100 Things Louisville Fans Should Know & Do Before They Die

Author:Mike Rutherford,Rick Pitino

Publisher:Triumph Books

ISBN:1633198871

Total Pages:256

Viewed:1497

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Books Description:

This guide is the ultimate resource for true fans of the Cardinals. Whether you cheered along for the 1980 and 1986 March Madness victories, or whether you're a more recent supporter in the Rick Pitino era, these are the 100 things every fan needs to know and do in their lifetime. Experienced sportswriter Mike Rutherford has collected every essential piece of Louisville knowledge and trivia, as well as must-do activities, and ranks them all from 1 to 100, providing an entertaining and easy-to-follow checklist as you progress on your way to fan superstardom.

Lost Restaurants of Louisville

Author:Stephen Hacker,Michelle Turner

Publisher:Arcadia Publishing

ISBN:1625856288

Total Pages:192

Viewed:824

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Books Description:

Louisville was home to fine cuisine long before the famous restaurant rows on Bardstown Road, Frankfort Avenue and East Market Street. Mazzoni’s served the area’s first rolled oyster. At the C-54 Grill, guests dined inside a remodeled aircraft, and Kaelin’s prepared its classic cheeseburger. Hasenour’s sauerbraten and Hoe Kow’s war sui gai are two dishes that still make local mouths water when mentioned. Authors Stephen Hacker and Michelle Turner revisit the vivid personalities, celebrated spaces and unique recipes that made Louisville’s historic eateries unforgettable.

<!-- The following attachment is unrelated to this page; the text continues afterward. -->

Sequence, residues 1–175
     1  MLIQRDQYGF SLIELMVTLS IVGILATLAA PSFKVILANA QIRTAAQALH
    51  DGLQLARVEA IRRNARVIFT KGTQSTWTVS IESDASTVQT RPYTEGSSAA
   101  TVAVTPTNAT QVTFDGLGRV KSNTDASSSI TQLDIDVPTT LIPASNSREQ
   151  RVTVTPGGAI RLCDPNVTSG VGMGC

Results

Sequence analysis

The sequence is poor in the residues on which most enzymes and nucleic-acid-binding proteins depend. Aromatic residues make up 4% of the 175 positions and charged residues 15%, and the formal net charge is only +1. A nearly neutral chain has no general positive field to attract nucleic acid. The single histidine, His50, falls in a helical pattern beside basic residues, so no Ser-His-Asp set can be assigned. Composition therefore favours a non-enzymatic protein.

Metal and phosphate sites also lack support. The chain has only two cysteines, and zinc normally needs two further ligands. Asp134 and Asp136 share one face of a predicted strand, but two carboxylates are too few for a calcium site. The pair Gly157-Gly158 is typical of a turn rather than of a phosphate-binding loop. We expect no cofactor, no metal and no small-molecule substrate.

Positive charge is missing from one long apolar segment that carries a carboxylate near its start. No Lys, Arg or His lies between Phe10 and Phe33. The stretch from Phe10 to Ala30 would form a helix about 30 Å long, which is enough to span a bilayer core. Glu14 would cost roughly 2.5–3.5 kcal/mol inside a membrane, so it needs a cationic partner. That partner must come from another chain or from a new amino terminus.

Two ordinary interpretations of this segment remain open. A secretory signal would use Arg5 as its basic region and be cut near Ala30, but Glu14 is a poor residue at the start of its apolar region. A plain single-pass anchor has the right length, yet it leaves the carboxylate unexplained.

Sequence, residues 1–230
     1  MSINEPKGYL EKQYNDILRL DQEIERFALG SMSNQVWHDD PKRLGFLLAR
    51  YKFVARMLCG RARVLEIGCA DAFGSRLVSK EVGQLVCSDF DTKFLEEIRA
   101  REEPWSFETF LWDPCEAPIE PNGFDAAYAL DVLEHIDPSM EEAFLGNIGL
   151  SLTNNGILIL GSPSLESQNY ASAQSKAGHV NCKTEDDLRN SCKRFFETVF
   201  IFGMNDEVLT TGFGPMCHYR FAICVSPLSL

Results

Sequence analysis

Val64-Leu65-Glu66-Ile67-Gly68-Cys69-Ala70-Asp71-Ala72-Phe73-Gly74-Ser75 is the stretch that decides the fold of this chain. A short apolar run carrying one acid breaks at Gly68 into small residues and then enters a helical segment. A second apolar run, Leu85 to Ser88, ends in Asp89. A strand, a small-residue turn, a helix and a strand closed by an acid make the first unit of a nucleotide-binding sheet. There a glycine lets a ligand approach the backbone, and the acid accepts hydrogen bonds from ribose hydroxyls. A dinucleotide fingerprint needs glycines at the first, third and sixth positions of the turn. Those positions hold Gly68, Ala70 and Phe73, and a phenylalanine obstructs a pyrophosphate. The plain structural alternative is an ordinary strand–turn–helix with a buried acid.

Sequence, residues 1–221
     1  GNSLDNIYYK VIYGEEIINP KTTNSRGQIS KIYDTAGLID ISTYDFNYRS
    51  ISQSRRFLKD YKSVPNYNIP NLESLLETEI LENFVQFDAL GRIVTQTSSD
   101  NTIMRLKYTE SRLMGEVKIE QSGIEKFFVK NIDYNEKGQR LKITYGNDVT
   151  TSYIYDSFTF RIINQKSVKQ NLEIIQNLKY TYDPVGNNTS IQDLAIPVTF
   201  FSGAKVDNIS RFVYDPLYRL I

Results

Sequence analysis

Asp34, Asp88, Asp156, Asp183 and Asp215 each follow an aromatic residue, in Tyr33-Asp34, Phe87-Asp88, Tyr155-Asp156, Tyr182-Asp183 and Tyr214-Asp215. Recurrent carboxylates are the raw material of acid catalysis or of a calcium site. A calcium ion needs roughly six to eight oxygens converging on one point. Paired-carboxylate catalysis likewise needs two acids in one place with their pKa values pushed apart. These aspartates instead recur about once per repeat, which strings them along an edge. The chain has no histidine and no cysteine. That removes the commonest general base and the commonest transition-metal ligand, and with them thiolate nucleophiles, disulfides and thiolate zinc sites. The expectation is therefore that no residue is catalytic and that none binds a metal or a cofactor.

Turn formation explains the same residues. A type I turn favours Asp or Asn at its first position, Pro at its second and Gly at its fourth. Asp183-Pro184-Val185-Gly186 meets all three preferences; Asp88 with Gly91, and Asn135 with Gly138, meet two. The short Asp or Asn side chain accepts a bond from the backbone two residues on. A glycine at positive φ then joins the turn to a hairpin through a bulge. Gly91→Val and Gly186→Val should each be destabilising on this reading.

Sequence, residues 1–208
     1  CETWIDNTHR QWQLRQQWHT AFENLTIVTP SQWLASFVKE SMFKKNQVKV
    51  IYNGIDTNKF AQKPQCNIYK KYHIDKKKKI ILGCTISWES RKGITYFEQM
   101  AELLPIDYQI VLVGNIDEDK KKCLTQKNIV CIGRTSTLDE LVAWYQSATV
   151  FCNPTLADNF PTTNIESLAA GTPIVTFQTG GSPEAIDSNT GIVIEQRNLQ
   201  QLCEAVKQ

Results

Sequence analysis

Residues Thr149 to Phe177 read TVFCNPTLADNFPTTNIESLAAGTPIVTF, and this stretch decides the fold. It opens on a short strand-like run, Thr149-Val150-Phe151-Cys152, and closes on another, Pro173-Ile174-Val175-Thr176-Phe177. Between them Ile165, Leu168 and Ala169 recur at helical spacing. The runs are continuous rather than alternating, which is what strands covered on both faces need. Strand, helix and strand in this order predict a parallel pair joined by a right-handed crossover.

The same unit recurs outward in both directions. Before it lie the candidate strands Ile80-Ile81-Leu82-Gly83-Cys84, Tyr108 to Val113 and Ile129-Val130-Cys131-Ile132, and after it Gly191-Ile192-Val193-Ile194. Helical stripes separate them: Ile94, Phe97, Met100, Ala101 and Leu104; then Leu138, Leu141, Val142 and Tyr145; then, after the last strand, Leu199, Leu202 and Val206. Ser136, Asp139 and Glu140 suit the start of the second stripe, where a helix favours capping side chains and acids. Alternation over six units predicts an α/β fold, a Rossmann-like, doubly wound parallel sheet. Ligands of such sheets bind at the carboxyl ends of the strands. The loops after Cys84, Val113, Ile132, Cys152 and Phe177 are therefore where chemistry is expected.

The Kentucky Encyclopedia

Author:John E. Kleber

Publisher:University Press of Kentucky

ISBN:0813159016

Total Pages:1080

Viewed:1281

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Books Description:

The Kentucky Encyclopedia's 2,000-plus entries are the work of more than five hundred writers. Their subjects reflect all areas of the commonwealth and span the time from prehistoric settlement to today's headlines, recording Kentuckians' achievements in art, architecture, business, education, politics, religion, science, and sports. Biographical sketches portray all of Kentucky's governors and U.S. senators, as well as note congressmen and state and local politicians. Kentucky's impact on the national scene is registered in the lives of such figures as Carry Nation, Henry Clay, Louis Brandeis, and Alben Barkley. The commonwealth's high range from writers Harriette Arnow and Jesse Stuart, reformers Laura Clay and Mary Breckinridge, and civil rights leaders Whitney Young, Jr., and Georgia Powers, to sports figures Muhammad Ali and Adolph Rupp and entertainers Loretta Lynn, Merle Travis, and the Everly Brothers. Entries describe each county and county seat and each community with a population above 2,500. Broad overview articles examine such topics as agriculture, segregation, transportation, literature, and folklife. Frequently misunderstood aspects of Kentucky's history and culture are clarified and popular misconceptions corrected. The facts on such subjects as mint juleps, Fort Knox, Boone's coonskin cap, the Kentucky hot brown, and Morgan's Raiders will settle many an argument. For both the researcher and the more casual reader, this collection of facts and fancies about Kentucky and Kentuckians will be an invaluable resource.